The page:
Wednesday, 8 July 2015

Q: What is the cause of the #GreekCrisis ?

What is inflation? Despite what you’ve heard, it’s not rising prices – although that may be one of the effects. So ask then, what is the cause of the Greek tragedy? Answer: Inflation. The Greek Government borrowed without the means to repay. Never mind prices, this is inflation. And what you’re seeing now is its results.

Let me stress again …

By inflation, I don’t refer to rising consumer prices in Athens. My Greek friends tell me that prices have been steady there in recent years. The focus on prices is the greatest sleight of hand ever perpetrated. It diverts your attention away from the real action. Inflation is the counterfeiting of credit. It is borrowing, when you can’t pay and you know it. Inflation is taking money under false pretences, and issuing fraudulent bonds.
    This describes the Greek finances perfectly.

That description comes from the Gold Standard Institute’s Keith Weiner, who points out most of that tanker-load of counterfeit capital was spent on consumption – just as good Keynesians’' said it should be.

    Greece doled out a lot of its lenders’ euros. For example, government workers got a sweet deal: 14 months’ pay per year, and then a generous pension in retirement at age 54. Of course, Greece employed an army of bureaucrats to administer all this welfare. Once a euro is spent on a welfare program, it’s gone. Greece didn’t use the proceeds to add to its productive capability, to generate income that will make it possible to pay off the loans.

Like most government spending, it was never in any sense an investment. And it was profligate as hell:

In good times, Greece kept spending more than its tax revenues. This is a colossal failure to govern rationally (inherent in socialism). Loans from outside fuelled a false boom, like alcohol feeds a drunken revel. It seems like great fun while it lasts. All that borrowing juices up spending. People are hired, profits go up, and of course tax revenues are boosted. Then, there’s one heck of a headache when it’s over. Borrowing means consuming today what you would otherwise have to wait until tomorrow to consume. Greece was so desperate to consume that it racked up an estimated €360 billion in debt, quite a lot for a little country with 11 million people. The exact number is not the point, and the total is probably even higher. We will find out, in the coming months. What makes anyone think that Greece will flip the other way?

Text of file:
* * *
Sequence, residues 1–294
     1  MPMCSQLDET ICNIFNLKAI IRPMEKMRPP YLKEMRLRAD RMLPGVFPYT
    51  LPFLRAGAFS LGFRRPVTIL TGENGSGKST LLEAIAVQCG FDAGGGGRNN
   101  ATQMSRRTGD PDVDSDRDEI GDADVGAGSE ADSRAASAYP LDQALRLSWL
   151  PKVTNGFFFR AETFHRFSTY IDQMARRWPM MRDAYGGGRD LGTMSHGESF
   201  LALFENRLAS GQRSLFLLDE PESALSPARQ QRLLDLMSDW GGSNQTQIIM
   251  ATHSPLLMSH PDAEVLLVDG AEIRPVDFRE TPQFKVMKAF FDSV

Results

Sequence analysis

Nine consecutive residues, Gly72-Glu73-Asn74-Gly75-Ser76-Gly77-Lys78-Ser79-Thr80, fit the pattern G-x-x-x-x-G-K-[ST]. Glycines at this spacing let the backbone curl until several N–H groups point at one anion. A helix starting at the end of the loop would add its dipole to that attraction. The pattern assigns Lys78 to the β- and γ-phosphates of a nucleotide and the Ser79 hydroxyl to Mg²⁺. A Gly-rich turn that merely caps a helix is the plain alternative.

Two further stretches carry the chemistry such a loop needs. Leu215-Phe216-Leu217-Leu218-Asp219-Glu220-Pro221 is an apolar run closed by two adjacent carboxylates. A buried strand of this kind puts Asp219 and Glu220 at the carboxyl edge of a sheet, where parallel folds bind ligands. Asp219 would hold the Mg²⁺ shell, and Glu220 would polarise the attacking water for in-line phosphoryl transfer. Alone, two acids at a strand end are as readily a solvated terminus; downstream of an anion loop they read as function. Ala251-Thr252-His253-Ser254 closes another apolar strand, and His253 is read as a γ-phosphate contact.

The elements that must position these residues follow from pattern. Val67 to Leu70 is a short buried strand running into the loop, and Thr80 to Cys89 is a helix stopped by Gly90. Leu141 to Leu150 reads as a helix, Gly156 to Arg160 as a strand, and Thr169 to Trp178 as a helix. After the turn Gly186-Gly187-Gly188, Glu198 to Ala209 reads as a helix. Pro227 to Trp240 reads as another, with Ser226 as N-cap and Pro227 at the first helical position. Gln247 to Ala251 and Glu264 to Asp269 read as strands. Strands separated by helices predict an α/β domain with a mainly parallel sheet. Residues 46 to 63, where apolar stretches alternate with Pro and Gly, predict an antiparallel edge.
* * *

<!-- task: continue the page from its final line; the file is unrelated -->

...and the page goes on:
Of course it won’t. And the reality is that, with a paper debt of €72,000 for each working Greek (and few enough of them are working outside government), all that counterfeit capital “lent” to Greece as part of its Eurozone participation will never be paid back. Ever.

Greece is like that deadbeat nephew who lies to everyone, borrowing whatever anyone will give him. Shame on the enablers who keep helping him buy drugs. Shame on him too, of course. But more importantly, the cash is long gone and only the debt remains.
    Such is the nature of fraud. Lenders expect to be repaid, but sooner or later realize that they’ve been tricked. The counterfeiter never intended to repay. His promises were plain lies. More importantly, he never had the means either. Even good intentions can’t conjure the lost euros out of a hat. The sooner that everyone acknowledges this simple fact, the sooner they can stop doing more damage.
    The Greek inflation was so damaging, because it fooled lenders (including Greek savers) into thinking they had good assets. Based on this illusion, they made other investing, borrowing, and spending decisions. When the government defaults, then reality sets in. Creditors will have dreadful write-offs, and many will be forced to liquidate other investments to deleverage. Formerly busy companies will shut down, their workers laid off.
    Welcome to deflation—a forcible contraction in credit.

So what caused the Greek tragedy? Inflation, pure and simple.

And as Ludwig Von Mises points out, the destruction of deflation is one of the inevitable results.

Obviously the side effects that accompany monetary deflation are never pleasant. However, these bad side effects are not caused by deflation but rather by the previous monetary inflation. All that deflation does, is to shatter the illusion of prosperity created by monetary inflation.

As with all great Greek tragedies, the outcome is inevitable from the outset – made so by the first bad choice of the protagonists.



  1. This prax wonk stuff is getting out of control. We didn't see the inflation you were predicting when the US started "printing money". Is the response to just redefine the term?

    1. | Maybe you weren't reading closely enough.

      "is always and everywhere a monetary phenomenon". I get it. I'm not arguing. But "never mind prices"? Seriously?

      (Also, that second link doesn't work).

    2. Oops:


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